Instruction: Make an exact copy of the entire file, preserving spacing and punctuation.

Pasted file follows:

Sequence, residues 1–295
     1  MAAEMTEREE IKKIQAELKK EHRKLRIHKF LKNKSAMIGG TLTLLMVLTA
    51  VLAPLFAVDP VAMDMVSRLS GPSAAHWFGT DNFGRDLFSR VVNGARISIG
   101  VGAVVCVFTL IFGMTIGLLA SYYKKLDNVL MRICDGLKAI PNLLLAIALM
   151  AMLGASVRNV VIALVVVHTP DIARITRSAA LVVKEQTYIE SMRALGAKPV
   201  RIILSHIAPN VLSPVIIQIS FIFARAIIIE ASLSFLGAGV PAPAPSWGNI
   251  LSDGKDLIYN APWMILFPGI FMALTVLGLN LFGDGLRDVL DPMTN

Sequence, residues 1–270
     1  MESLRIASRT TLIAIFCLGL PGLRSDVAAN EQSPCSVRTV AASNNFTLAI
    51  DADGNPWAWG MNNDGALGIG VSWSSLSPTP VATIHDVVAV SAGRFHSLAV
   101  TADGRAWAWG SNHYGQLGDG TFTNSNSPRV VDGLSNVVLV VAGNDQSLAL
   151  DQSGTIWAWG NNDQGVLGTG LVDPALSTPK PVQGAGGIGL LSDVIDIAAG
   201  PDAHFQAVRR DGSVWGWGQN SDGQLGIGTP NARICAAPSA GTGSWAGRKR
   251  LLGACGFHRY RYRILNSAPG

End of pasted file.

Sequence, residues 1–295
     1  MAAEMTEREE IKKIQAELKK EHRKLRIHKF LKNKSAMIGG TLTLLMVLTA
    51  VLAPLFAVDP VAMDMVSRLS GPSAAHWFGT DNFGRDLFSR VVNGARISIG
   101  VGAVVCVFTL IFGMTIGLLA SYYKKLDNVL MRICDGLKAI PNLLLAIALM
   151  AMLGASVRNV VIALVVVHTP DIARITRSAA LVVKEQTYIE SMRALGAKPV
   201  RIILSHIAPN VLSPVIIQIS FIFARAIIIE ASLSFLGAGV PAPAPSWGNI
   251  LSDGKDLIYN APWMILFPGI FMALTVLGLN LFGDGLRDVL DPMTN

Sequence, residues 1–270
     1  MESLRIASRT TLIAIFCLGL PGLRSDVAAN EQSPCSVRTV AASNNFTLAI
    51  DADGNPWAWG MNNDGALGIG VSWSSLSPTP VATIHDVVAV SAGRFHSLAV
   101  TADGRAWAWG SNHYGQLGDG TFTNSNSPRV VDGLSNVVLV VAGNDQSLAL
   151  DQSGTIWAWG NNDQGVLGTG LVDPALSTPK PVQGAGGIGL LSDVIDIAAG
   201  PDAHFQAVRR DGSVWGWGQN SDGQLGIGTP NARICAAPSA GTGSWAGRKR
   251  LLGACGFHRY RYRILNSAPG